Learning Disabilities or Attention Deficit/ Hyperactivity Disorder (AD/HD)

Students living with a visible or hidden disability have specific needs as a result of their conditions. Students who have documentation of a learning disability are eligible to receive accommodations from the Disabled Students Program.

Students with learning disabilities may have had long term difficulty in reading, writing, spelling, and/or mathematical concepts. Their verbal skills may far exceed their reading, writing, or spelling skills. Students with a learning disability may also process information slowly and need some “think time” to respond to a question, retrieve information, or solve a problem. They can have difficulty recalling and integrating information presented orally.

In an academic setting, students with Attention Deficit/Hyperactivity Disorder (AD/HD) may have difficulty sustaining attention and following through on instructions or completing a task; tend to lose things easily; frequently forget appointments; often interrupt or intrude on others; blurt out answers before questions have been completed; appear restless; seem not to listen when spoken to directly; and tend to be active and creative.

In cases of learning disorders, AD/HD, and/or psychiatric disabilities, students may not be aware that there are treatments and accommodations available for the symptoms that are interfering with their academic progress.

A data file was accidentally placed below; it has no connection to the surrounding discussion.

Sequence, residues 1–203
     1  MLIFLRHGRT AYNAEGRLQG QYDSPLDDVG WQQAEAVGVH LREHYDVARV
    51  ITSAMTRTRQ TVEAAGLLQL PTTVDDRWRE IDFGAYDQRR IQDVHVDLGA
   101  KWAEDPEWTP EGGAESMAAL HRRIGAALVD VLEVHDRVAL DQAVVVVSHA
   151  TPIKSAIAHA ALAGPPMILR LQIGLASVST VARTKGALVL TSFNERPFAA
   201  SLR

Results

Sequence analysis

When you suspect a student may have a disability:

DO

  1. Speak to the student in private about your concerns.
  2. Refer the student to the Disabled Students Program.
  3. Acknowledge the difficulties the student is experiencing.
  4. Be sensitive that low self-esteem may be associated with the disability.
  5. Be aware that the Disabled Students Program may need to contact the faculty member and/or T. A. to follow up on accommodations.
  6. Be aware that all disabilities need medical documentation before the student is eligible for services from the Disabled Students Program, and that accommodation requests should be arranged through the DSP Online System.

DON’T

  1. Assume the student knows s/he may qualify for assistance from the Disabled Students Program.
  2. Assume the student wants to receive assistance from the Disabled Students Program.
  3. Pressure the student to acknowledge his/her disability.
  4. Speak to the student in a derogatory manner.